District firm on school merger

Jamshedpur: East Singhbhum district administration, where many villagers protested against the merger of smaller schools following a Niti Aayog recommendation to utilise resources to the maximum, has come to the conclusion that none of the schools closed under their domain will reopen.

The state government identified 3,528 primary and middle schools for reorganisation (read closure, merger or degradation). In East Singhbhum alone, 393 schools have already been downgraded/ merged, affecting around 11,000 children, with parents protesting the dangers on the way to the allotted new schools, including children having to cross a highway or a nullah. More recently, when the district closed down a 114-year-old school and merged children with another, villagers ran the heritage school on their own as a tribute to its history. The Telegraph has reported all these incidents.

Asked on Tuesday, district superintendent of education (DSE) Banke Bihari Singh told this paper that they were aware of rural protests but on revisiting the sites did not find sufficient grounds to roll back their decision. In case of nullah or highway or any terrain deemed risky for children, teachers would have to escort their wards safely, he said.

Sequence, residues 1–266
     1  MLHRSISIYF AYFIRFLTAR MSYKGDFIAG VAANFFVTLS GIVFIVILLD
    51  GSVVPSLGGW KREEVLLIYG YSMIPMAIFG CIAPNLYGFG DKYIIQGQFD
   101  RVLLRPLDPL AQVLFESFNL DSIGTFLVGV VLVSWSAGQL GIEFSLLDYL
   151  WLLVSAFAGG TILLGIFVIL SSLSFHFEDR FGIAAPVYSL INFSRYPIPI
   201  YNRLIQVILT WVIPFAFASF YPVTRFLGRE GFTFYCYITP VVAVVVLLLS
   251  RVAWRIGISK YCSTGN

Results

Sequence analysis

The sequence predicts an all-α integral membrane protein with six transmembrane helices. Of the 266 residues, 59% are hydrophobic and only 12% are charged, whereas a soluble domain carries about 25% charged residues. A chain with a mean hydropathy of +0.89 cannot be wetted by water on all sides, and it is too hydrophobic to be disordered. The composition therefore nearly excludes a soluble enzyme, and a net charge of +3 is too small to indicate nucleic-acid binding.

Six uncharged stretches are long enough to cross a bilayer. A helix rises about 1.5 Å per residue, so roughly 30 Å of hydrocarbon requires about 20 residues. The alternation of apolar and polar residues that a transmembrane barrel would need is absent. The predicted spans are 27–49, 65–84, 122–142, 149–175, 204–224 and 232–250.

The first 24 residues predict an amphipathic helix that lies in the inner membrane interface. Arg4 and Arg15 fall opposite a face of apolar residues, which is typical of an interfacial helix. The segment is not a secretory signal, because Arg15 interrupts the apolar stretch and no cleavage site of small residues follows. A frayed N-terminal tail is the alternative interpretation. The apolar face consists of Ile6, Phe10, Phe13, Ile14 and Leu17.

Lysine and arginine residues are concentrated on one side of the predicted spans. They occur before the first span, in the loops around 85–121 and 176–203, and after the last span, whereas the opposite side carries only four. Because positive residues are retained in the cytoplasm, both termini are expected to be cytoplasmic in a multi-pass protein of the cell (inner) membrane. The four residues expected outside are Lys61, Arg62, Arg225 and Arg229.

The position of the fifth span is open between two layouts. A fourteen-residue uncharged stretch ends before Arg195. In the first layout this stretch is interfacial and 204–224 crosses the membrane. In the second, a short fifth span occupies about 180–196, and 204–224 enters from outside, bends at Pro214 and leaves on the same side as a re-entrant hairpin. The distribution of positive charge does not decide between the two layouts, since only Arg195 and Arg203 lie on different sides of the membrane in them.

"We could have only withdrawn the decision had distance been an issue. But there were other issues, which can have solutions. So we are not taking back our decision," DSE Singh said. Under the norm, the distance between the closed school and the one to which the students of the closed school had to attend could not be more than 1km.

Singh said he had personally visited a number of villages and spoken to people. "In some places like Mahulia and Kalimati in Galudih, Ghatshila, villagers had revolted against the merger of their primary schools Prathamik Vidyalaya Kalimati and Mahulia Balika Prathamik Vidyalaya with Mahulia Adarsh Madhya Vidyalaya. They said this required children to cross the busy NH-33. Now, the government officials have made alternative arrangements. Teachers of Mahulia Adarsh Madhya Vidyalaya will help students cross the service lanes of the highway everyday," he said.

A teacher, Uttam Kumar Das, who was earlier the headmaster of the now-closed Prathamik Vidyalaya, said the new system of teachers escorting students was in place from June 11 after summer vacation.

But, on the ground, the anger among students has not abated. Some parents of Kalimati said many class I and II students were admitted at a nearby private school for a monthly fees of Rs 200 to avoid the highway. Some who could not afford private school fees have even left the village to study from their relatives' places. Some have agreed to send their older children to Mahulia Adarsh Madhya Vidyalaya, said villager Shabbir Hussain.

In Dhamakbera, where people did not want to let go their 114-year-old Prathamik Vidyalaya, educated homemakers of the village are still continuing to take informal classes on the verandah of the closed primary school.

But, Singh said the school would not reopen officially. "Here, the future of students matter more than saving an old building. We have made villagers understand and want them to enrol their wards to the new schools as soon as possible," he said.


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